Playing like Paderewski, Chaminade and Co:
Music education with the pianola and music rolls
Various advertisements published in 1913 suggest that by purchasing a pianola, one would almost be acquiring the popular Polish pianist (and politician) Ignacy Jan Paderewski (1860-1941) as a teacher. From the very beginning, in fact, Paderewski was an emphatic advocate of the technical and pedagogical achievements of this new musical instrument, which was intended to enable everyone to become a virtuoso in their own living rooms. Of course, the celebrated pianist did not personally look over the shoulder of all who tried their hand at the pianistic repertoire of the 19th century. The presence of the “great master” nevertheless introduced players of the pianola to music-making.
“Let Paderewski teach you.”
How can that happen?
And what is the pianola?
The pianola (sometimes called “player piano”) is a pneumatically operated instrument developed around 1900 that plays music from perforated paper rolls. The pneumatic device and holder for the music rolls could either be pushed in front of a regular piano (hence the name “push-up”) or was already built into the piano.
The music is encoded into perforated paper rolls. In the instrument, the rolls run over a tracker bar with up to 88 holes. Each of the holes corresponds to a tone on the keyboard and is connected to a small pneumatic system with hoses and valves. As soon as a hole in the music roll releases the air flow, the pneumatic mechanism is activated and the corresponding note is struck.
To create the necessary suction, the player must pedal. The more vigorous the pedaling is, the greater is the suction, and correspondingly, the louder the tones are. Pedaling thus creates differences in tone color and dynamics and even slight accents of individual tones. This allows the player some control over the musical expression.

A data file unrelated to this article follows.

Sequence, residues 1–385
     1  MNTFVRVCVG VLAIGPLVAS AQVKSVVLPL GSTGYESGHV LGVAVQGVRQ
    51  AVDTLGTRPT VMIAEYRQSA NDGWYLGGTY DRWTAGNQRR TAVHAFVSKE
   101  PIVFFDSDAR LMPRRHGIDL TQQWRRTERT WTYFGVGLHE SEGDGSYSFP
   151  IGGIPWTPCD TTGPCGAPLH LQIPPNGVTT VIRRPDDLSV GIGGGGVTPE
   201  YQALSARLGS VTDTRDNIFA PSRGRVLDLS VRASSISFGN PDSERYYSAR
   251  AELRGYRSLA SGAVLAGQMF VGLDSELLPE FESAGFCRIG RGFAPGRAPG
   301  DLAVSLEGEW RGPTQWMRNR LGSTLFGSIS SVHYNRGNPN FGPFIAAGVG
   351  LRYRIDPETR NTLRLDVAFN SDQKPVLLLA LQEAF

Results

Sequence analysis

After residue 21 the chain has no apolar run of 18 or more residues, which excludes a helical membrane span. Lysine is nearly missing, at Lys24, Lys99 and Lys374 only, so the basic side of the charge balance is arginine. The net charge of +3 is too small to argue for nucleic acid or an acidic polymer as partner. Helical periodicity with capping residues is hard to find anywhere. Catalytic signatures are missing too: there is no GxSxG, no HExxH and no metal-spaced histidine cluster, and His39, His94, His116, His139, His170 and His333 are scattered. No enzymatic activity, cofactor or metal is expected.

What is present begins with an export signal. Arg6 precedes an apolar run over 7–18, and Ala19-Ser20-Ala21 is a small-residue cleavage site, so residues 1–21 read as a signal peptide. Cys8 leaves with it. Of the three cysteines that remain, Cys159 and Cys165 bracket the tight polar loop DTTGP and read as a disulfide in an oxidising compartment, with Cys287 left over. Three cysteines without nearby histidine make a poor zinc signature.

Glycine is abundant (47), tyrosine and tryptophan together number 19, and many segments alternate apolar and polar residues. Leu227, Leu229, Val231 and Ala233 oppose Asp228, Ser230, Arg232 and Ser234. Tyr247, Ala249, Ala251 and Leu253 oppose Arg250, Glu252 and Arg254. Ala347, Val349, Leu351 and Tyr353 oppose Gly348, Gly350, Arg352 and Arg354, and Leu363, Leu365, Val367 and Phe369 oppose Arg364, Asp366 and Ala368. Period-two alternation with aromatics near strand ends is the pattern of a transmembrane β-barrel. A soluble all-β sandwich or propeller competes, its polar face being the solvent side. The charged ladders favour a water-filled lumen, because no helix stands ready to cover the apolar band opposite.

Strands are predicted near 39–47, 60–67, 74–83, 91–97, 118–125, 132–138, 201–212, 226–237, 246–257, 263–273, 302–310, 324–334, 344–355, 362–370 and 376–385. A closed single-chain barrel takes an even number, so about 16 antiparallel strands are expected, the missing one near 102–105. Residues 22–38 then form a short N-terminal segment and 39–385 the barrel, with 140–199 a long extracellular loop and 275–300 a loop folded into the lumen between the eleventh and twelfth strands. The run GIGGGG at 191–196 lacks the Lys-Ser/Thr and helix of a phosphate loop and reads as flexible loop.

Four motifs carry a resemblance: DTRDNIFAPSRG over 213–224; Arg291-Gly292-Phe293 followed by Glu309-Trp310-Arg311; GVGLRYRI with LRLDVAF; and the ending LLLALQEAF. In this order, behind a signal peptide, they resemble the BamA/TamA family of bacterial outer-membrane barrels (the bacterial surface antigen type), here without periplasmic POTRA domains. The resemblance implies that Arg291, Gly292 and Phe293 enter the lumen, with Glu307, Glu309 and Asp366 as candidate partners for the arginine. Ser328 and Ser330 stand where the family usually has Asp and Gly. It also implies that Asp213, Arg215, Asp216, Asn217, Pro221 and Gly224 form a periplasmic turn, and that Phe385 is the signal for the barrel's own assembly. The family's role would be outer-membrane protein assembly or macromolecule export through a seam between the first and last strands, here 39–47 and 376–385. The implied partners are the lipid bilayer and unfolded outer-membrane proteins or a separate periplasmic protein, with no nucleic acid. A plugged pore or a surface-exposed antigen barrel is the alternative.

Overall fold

The Aeolian Company, a U.S. maker of mechanical musical instruments that marketed the first pianola, also patented the so-called Metrostyle in 1903. This invention has two parts and constitutes the core of the above advertisements. The first element of the invention is a hand-operated lever on the instrument that can regulate changes in the playing tempo of the music roll.
As the roll unwinds, the performer can intervene in the music, e.g. accelerate or slow down to shape climactic moments or moments of relaxation (“rubato”), or create the regular temporal fluctuations that bring a musical interpretation to life.
The second element of the invention was a red line drawn on the rolls that the player could follow with the lever. Movement of the red line to the right indicated an acceleration of the music; movement to the left indicated a slow-down. In this manner, the Metrostyle line defined a specific musical interpretation that could be easily realized without any musical knowledge. Of course, the player could also ignore the red line and perform their own interpretation of the piece.
The Pianola Institute offers a detailed presentation of the pianola and its history.
Citation: Stephanie Probst, ‘Playing like Paderewski, Chaminade and Co: Music education with the pianola and music rolls’, in: Materiality of Musical Instruments. A Virtual Exhibition.